Background Growth hormone (GH) treatment is currently recommended in Prader-Willi syndrome (PWS) patients.
Objectives To evaluate the impact (efficacy and safety) of the use of recombinant human GH (rhGH) as a treatment for PWS.
Method We performed a systematic review and, where possible, meta-analysis for the following outcomes: growth, body mass index, body composition, cognitive function, quality of life, head circumference, motor development/strength, behaviour and adverse effects. We included all PWS patients, with all types of genetic defects and with or without GH deficiency, who participated in rhGH studies performed in infancy, childhood and adolescence, that were either randomised controlled trials (RCTs) (double-blinded or not) or non-randomised controlled trials (NRCTs) (cohort and before and after studies). The databases used were MEDLINE, Embase and Cochrane Central.
Results In 16 RCTs and 20 NRCTs selected, the treated group had an improvement in height (1.67 SD scores (SDS); 1.54 to 1.81); body mass index z-scores (−0.67 SDS; −0.87 to −0.47) and fat mass proportion (−6.5% SDS; −8.46 to −4.54) compared with the control group. Data about cognition could not be aggregated.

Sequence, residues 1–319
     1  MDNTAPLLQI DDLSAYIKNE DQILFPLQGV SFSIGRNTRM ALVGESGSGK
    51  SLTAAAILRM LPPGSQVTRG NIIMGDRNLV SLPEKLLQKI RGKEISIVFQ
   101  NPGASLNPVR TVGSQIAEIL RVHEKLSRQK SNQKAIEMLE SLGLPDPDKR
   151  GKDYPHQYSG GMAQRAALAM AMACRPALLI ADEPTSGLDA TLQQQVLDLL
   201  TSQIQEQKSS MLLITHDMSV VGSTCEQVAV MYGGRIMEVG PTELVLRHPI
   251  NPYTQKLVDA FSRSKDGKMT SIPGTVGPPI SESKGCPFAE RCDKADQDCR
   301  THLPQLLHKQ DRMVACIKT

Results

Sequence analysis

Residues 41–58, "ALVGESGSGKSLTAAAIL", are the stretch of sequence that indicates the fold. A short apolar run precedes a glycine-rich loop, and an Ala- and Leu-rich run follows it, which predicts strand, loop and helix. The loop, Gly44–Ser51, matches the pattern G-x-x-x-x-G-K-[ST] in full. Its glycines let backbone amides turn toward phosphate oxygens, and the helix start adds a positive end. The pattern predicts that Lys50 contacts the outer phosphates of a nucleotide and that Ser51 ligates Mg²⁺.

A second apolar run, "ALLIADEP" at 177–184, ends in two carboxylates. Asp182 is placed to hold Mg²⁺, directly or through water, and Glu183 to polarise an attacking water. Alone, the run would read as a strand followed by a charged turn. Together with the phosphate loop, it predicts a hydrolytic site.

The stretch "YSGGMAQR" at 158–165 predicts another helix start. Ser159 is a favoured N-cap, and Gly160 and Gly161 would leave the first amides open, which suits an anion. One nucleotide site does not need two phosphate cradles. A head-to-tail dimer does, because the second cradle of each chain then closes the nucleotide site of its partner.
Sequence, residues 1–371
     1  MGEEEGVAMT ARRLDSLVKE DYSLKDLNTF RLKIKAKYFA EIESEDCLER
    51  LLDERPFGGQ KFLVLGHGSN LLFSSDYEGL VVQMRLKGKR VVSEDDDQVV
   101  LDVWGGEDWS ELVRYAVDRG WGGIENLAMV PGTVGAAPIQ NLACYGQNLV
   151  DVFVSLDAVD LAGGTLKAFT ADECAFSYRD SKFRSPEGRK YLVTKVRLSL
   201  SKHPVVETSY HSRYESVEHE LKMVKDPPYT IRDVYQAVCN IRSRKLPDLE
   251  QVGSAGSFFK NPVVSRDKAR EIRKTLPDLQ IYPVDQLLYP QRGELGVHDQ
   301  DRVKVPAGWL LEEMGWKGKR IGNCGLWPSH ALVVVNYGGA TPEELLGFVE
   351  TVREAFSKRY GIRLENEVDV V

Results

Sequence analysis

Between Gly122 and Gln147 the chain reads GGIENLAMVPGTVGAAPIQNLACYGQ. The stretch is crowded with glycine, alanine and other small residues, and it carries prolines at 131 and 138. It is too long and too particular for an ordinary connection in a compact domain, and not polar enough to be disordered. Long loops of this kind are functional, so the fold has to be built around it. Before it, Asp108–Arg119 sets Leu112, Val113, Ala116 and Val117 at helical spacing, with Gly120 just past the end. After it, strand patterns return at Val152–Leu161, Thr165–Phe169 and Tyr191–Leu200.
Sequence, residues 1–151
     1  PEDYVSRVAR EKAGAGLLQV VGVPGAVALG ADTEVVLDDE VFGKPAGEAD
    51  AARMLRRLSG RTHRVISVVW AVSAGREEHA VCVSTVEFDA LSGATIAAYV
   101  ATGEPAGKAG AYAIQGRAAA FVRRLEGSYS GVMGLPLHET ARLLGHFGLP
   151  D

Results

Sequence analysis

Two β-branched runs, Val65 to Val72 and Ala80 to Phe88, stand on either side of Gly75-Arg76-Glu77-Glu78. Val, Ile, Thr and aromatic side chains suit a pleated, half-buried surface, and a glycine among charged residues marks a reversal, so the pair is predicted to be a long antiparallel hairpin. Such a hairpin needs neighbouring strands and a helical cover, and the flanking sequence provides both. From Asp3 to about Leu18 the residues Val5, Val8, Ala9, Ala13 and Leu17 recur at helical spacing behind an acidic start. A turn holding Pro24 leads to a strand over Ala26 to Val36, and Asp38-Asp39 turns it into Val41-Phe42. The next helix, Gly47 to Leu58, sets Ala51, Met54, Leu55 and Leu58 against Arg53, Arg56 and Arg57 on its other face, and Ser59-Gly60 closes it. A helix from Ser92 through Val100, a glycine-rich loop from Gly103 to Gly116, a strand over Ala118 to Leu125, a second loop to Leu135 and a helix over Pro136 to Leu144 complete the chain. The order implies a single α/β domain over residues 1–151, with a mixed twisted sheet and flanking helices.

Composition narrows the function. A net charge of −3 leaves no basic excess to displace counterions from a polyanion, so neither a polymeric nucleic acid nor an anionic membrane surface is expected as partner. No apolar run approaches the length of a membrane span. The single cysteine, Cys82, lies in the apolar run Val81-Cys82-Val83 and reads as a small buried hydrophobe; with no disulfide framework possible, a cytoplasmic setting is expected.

Based on high quality evidence, rhGH treatment favoured an improvement of stature, body composition and body mass index, modifying the disease’s natural history; rhGH treatment may also be implicated in improved cognition and motor development in PWS patients at a young age.
Ethics and dissemination The current review was approved by the ethical committee of our institution. The results will be disseminated through conference presentations and publications in peer-reviewed journals.
PROSPERO registration number CRD42019140295
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Contributors All authors contributed to the focus of the systematic review. CP and WB drafted the initial protocol, with guidance and feedback at all stages from SI, RF, ET, DD and MP. CP, SI and RF collected data from the articles. CP, WB, DD and MP interpreted the results. All authors have revised and reviewed the results and have approved the final manuscript.
Funding The authors have not declared a specific grant for this research from any funding agency in the public, commercial or not-for-profit sectors.
Competing interests No, there are no competing interests.
Patient consent for publication Not required.
Provenance and peer review Not commissioned; externally peer reviewed.
Data availability statement Data are available upon reasonable request. All data relevant to the study are included in the article or uploaded as supplementary information. Data from published studies were analysed.